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On a fast track to a life of doubt

- The Washington Times - Tuesday, June 26, 2007

Unfortunately for Tyson Gay, America has lost track of track. In the new millennium, the sporting public is much more concerned with the hands Chris Moneymaker is dealt than with the fleet feet Gay was born with.

Once upon a time, Gay's feats at the USA Outdoor Track and Field Championships — a 9.84 in the 100 meters and a 19.62 in the 200 — would have been the lead story in sports sections across the country. But that was before the Ben Johnson revelations and the Marion Jones suspicions and the tales of former Eastern German athletes giving birth to deformed babies.

Some would say it's symbolic that Gay was running into the wind in both races because track has been running into the wind for some time now. In fact, some would argue the sport has been on life support since Sept. 27, 1988, the day Johnson was stripped of his 100-meter gold medal at the Seoul Olympics after flunking a drug test.

It's one thing for a weight lifter or cross-country skier to get caught using steroids; it's quite another when it happens to the World's Fastest Human. Track has never really recovered from 1988. Every year, it seems, it loses a little more of its credibility, a little more of its relevance — and Gay is a prime example of that.

After all, no 100/200 man in history has posted times like his. Not even the sainted Carl Lewis, who topped out at 9.86 and 19.75 (when he wasn't long jumping 29 feet, that is). That's what we're talking about here, a sprinter who's encroaching on Carl Lewis/Jesse Owens territory.

Except ...

With track these days, there's always an "except." We may want to believe Gay's times are genuine, ungoosed by performance enhancers, but experience tells us to beware. I mean, wasn't it just yesterday that Justin Gatlin was running a record-tying 9.77 in the 100? And wasn't it just the day after yesterday that he was failing a drug screening?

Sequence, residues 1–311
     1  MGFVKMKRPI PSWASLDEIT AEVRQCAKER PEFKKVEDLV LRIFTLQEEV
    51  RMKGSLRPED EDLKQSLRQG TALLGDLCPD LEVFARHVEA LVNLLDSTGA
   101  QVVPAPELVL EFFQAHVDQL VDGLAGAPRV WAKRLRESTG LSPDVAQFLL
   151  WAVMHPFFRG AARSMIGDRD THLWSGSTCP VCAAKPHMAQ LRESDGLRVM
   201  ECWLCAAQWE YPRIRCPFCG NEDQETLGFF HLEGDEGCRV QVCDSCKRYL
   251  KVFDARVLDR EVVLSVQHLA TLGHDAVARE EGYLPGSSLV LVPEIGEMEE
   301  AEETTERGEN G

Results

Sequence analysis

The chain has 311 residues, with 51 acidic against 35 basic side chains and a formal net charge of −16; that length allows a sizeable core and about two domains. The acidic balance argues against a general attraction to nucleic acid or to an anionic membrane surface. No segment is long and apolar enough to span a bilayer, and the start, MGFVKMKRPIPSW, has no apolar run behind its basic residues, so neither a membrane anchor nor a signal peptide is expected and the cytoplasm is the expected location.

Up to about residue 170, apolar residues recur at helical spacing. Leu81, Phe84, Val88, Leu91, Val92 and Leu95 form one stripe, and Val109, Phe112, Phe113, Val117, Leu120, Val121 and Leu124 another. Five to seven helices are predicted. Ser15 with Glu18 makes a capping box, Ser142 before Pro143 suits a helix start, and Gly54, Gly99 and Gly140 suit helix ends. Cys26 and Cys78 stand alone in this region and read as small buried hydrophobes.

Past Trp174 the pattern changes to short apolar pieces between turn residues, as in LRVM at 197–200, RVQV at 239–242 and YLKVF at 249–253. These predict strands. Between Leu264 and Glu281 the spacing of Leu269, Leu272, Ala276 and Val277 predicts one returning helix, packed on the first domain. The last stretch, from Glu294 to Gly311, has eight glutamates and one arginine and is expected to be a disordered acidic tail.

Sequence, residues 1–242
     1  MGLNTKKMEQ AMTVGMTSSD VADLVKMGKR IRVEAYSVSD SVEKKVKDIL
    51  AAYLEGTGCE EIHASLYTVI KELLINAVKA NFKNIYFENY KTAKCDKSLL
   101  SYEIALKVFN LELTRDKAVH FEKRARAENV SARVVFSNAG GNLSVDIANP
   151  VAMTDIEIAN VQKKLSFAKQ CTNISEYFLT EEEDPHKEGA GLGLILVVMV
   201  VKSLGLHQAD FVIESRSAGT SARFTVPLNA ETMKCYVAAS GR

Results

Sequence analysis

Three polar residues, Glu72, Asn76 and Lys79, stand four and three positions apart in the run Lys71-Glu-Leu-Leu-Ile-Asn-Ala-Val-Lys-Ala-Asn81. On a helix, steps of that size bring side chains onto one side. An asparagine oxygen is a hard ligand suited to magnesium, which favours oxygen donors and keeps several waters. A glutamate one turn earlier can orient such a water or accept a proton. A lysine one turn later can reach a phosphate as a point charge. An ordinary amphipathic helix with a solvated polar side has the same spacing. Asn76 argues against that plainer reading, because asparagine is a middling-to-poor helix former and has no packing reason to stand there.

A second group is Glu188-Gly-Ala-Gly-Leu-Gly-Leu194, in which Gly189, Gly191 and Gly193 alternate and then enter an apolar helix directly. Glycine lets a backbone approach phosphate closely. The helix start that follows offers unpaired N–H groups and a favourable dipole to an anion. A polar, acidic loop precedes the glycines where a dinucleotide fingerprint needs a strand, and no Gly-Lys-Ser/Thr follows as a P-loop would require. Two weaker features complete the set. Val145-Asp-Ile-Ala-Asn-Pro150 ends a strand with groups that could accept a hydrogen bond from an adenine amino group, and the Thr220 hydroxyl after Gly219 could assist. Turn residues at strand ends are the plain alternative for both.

Right now, Gay's only guilt is by association — association with track people. He has absolutely no points, so to speak, on his license. But when a guy blows away the field the way he did Friday and Sunday — in events often decided by nanoseconds — it's only natural to wonder what Magic Undetectable Elixir his chemists have stumbled upon.

Again, this has nothing to do with Gay and everything to do with his sport ... and the times we live in. In '88, after Johnson clocked an unheard-of 9.79 in Seoul, the Toronto Star was quick to proclaim him "a national treasure." Nowadays, we're apt to respond to such performances with a collective "Hmmmm" — while waiting for the results of the "B" sample.

A shame, for sure, but this is how we've been conditioned. Track has become one of those Sports That Can't Be Trusted like professional wrestling or ice skating. Gay might have just had the greatest weekend in sprinting history ... or he might not have. Check back in a year or two. Maybe there's a Greg Anderson in his entourage who won't be willing to go to jail for him. Or maybe — we can hope, can't we? — he'll be viewed as the next Michael Johnson.

How did we ever get from There to Here? How did track go from being A Race To The Finish Line to A Never-Ending Search For A Shortcut, legal or otherwise? Granted, BALCO has been boarded up, but how many other labs are out there, bubbling away in somebody"s basement? All it takes is a beaker, a Bunsen burner and a couple of rats.

It's not that other sports are much different. Baseball and football certainly have their rogue elements. It's just that track can't afford to behave like this. It doesn't have the following — or to put it another way, nobody has Tyson Gay on his fantasy team.

Alas, there's such pressure on trackmen to break records — just to get folks' attention — that rule-bending has become the norm ... and everybody suffers because of it. And so we have Gay running a 9.84 and a 19.62 — into a breeze, no less — and skeptical fans looking for the Smoking Hypodermic Needle.

Perhaps track could improve its image if it took NASCAR's approach to punishment. Whenever a runner is nabbed cheating, don't ban him from competition, make him race — beginning from the back of the pack. Waaaaay back.

And if that doesn't work, outfit him with a restrictor plate.